British Columbia’s new surtax on high-value homes has elicited outcry by many affected homeowners, calling it “radical,” “punitive,” “confiscatory,” and simply “unfair.” In contrast, opinion polls of the general public find wide support for this addition to the provincial “school tax.”
What would taxation policy analysts say about the charge that the property surtax is unfair? To begin, they would ask whether it meets the four criteria of good tax policy enunciated first by Adam Smith: simplicity, certainty, efficiency and equity. Let’s see if it does.
Here the surtax passes with flying colours. It is simple: surtax liability can be calculated directly from assessed valuations already undertaken for basic property tax.
It is certain: payment of surtax cannot be avoided or evaded through stealth or sophisticated accounting.
It is efficient: a tax on land poses the least cost to the economy, and the value of homes subject to surtax lies mainly in land.
In short, the property surtax — like the basic property tax — scores better than almost any other tax in simplicity, certainty and efficiency. Costs of administration and collection are also low for the surtax since it is done as an add-on to the basic property tax. That leaves the more complex and nuanced criterion of equity; how does the surtax score on that basis?
Equity (measured horizontally)
Taxation policy analysts typically focus on the “horizontal” and “vertical” dimensions of equity. Let us consider those aspects as well as more commonplace notions of what is equitable in taxation.
Horizontal equity is the concept that persons with similar levels of economic resources — be it income or assets or wealth — should be taxed similarly. Wealth holdings in various forms convey economic power as does current income and thus affect the ability to pay taxes.
If one person possesses a $5 million home and another has $5 million in financial assets or a family business, should they be taxed very differently? The latter person must pay income tax on interest, dividends, profits, and capital gains and can pay their rent only out of the after-tax income.
In contrast, the owner of a $5 million home not only lives rent-free but also is exempt from tax on gains in their home’s value when selling it. This sharp discrepancy between the tax treatment of wealth held in homes versus other assets violates the horizontal aspect of equity. This approach also inclines individuals to invest their savings disproportionately in housing, thus spurring the escalation of house prices.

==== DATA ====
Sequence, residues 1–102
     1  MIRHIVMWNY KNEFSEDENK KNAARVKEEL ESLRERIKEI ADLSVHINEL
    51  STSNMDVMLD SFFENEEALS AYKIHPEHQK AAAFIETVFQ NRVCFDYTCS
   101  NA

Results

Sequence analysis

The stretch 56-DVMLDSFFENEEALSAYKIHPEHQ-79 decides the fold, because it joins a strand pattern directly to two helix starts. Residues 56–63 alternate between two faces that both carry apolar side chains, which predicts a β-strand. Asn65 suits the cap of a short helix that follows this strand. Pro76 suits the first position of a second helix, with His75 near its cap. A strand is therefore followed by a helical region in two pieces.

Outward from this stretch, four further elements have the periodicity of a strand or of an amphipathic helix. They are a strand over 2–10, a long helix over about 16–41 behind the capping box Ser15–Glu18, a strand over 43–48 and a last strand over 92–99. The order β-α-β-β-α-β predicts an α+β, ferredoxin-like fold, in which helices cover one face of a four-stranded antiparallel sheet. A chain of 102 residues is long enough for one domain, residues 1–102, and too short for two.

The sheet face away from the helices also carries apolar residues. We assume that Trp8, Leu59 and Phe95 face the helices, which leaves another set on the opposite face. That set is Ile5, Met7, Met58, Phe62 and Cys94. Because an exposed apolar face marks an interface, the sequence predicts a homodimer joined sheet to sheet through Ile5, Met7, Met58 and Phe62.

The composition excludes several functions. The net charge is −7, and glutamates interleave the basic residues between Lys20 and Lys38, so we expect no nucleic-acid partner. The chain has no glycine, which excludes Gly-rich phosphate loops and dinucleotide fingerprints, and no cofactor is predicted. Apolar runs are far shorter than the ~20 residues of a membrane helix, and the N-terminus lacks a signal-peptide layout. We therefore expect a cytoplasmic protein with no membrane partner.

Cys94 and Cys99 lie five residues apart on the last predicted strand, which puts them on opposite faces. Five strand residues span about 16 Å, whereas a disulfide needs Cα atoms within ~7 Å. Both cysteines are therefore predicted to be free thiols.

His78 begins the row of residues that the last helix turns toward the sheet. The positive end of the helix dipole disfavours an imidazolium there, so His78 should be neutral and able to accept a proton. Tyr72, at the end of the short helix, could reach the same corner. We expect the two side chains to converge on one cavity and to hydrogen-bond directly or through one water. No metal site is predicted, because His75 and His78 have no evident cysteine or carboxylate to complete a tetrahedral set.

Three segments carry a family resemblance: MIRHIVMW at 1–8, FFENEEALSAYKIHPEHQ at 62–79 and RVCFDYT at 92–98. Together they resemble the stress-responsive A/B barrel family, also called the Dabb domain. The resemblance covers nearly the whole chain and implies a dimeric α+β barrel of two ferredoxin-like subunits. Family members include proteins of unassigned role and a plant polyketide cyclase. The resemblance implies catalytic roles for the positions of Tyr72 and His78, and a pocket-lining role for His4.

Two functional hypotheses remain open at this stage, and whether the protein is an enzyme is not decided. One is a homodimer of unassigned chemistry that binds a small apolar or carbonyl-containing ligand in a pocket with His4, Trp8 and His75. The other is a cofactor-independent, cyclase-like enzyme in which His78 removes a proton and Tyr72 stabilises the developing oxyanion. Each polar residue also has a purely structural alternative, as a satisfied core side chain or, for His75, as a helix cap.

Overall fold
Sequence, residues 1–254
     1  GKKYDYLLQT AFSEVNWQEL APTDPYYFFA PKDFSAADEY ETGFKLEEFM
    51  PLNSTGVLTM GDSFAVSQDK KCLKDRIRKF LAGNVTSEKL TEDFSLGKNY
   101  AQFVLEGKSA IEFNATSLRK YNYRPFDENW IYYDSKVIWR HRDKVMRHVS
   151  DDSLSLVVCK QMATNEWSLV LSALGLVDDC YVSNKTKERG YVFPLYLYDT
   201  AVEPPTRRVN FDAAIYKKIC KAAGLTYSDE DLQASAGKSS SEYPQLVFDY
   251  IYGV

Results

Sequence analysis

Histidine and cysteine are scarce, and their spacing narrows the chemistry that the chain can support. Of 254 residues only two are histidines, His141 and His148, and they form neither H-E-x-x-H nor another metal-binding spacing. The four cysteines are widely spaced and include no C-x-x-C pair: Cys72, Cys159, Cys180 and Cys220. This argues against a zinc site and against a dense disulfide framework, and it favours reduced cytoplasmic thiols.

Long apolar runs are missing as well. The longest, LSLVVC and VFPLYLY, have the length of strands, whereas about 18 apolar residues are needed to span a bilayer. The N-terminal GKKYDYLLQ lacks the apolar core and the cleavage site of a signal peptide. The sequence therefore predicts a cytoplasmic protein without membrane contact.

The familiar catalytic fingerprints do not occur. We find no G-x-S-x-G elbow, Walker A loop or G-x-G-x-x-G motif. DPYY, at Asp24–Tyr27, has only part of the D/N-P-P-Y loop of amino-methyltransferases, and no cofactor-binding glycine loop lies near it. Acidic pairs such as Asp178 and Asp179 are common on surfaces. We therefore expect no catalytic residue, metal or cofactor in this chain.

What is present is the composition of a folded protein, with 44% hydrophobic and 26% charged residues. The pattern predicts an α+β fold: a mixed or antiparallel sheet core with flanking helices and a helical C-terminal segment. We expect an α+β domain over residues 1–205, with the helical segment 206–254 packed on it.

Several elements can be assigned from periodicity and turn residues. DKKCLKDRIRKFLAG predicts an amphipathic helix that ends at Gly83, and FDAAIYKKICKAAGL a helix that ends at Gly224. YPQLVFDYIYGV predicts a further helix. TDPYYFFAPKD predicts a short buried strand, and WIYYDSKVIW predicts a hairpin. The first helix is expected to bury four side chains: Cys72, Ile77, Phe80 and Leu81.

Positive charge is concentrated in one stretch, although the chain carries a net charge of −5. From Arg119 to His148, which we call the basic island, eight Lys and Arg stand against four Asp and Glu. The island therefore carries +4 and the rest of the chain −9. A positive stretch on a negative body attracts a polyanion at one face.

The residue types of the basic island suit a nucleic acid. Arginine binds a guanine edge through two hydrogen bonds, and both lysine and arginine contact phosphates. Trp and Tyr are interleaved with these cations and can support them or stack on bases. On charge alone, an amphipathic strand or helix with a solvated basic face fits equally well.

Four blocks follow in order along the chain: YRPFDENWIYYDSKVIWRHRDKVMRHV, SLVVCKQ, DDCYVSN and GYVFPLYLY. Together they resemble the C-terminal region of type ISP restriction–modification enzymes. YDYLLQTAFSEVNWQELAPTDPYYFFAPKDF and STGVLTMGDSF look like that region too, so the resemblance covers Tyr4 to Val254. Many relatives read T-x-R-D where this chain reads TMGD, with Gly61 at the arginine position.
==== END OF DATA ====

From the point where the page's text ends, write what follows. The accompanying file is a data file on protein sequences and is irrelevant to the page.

While society may wish to encourage home ownership to some degree, providing unlimited tax preferences for owners of the highest-valued homes strains basic notions of fairness. Moreover, British Columbia’s wealth inequality is among the most extreme of the Canadian provinces, and skyrocketing housing prices in Metro Vancouver are a major contributor. This point leads us to the second aspect of fairness, vertical equity.
Equity (measured vertically)
Any family owning a home valued above $3 million is among the wealthiest of Canadians. The great majority of home owners subject to the surtax have enjoyed large gains, often in the millions of dollars. In contrast, most Canadians never accumulate even $1 million in savings of all forms including home equity and business assets over their lifetimes. Vertical equity is the notion that individuals’ tax liabilities should increase more steeply than the level of their economic resources.
Vertical equity is thus associated with the progressivity of taxes — the average tax rate rises with the individual’s income or other taxable base. Almost all of our major taxes have progressive elements in their rates: personal income tax, corporate income tax, property transfer tax, and even payroll taxes with their exempt levels. B.C.’s sales tax on vehicles also applies progressive rates, rising in steps from seven per cent on cars below $55,000 up to 20 per cent for cars above $150,000. Thus tax rates can embed the vertical notion of fairness.
Some critics of the property surtax assert that progressivity has no role in this type of taxation. However, the BC Home Owner Grant already introduces rate progressivity, with low tax for homes valued below the grant and the grant phased out for homes valued above $1.65 million. There is nothing novel about explicitly progressive property taxes; they are found in Singapore, Lithuania, and Ireland (which applies a surtax rate to homes valued over the Canadian equivalent of about $1.5 million).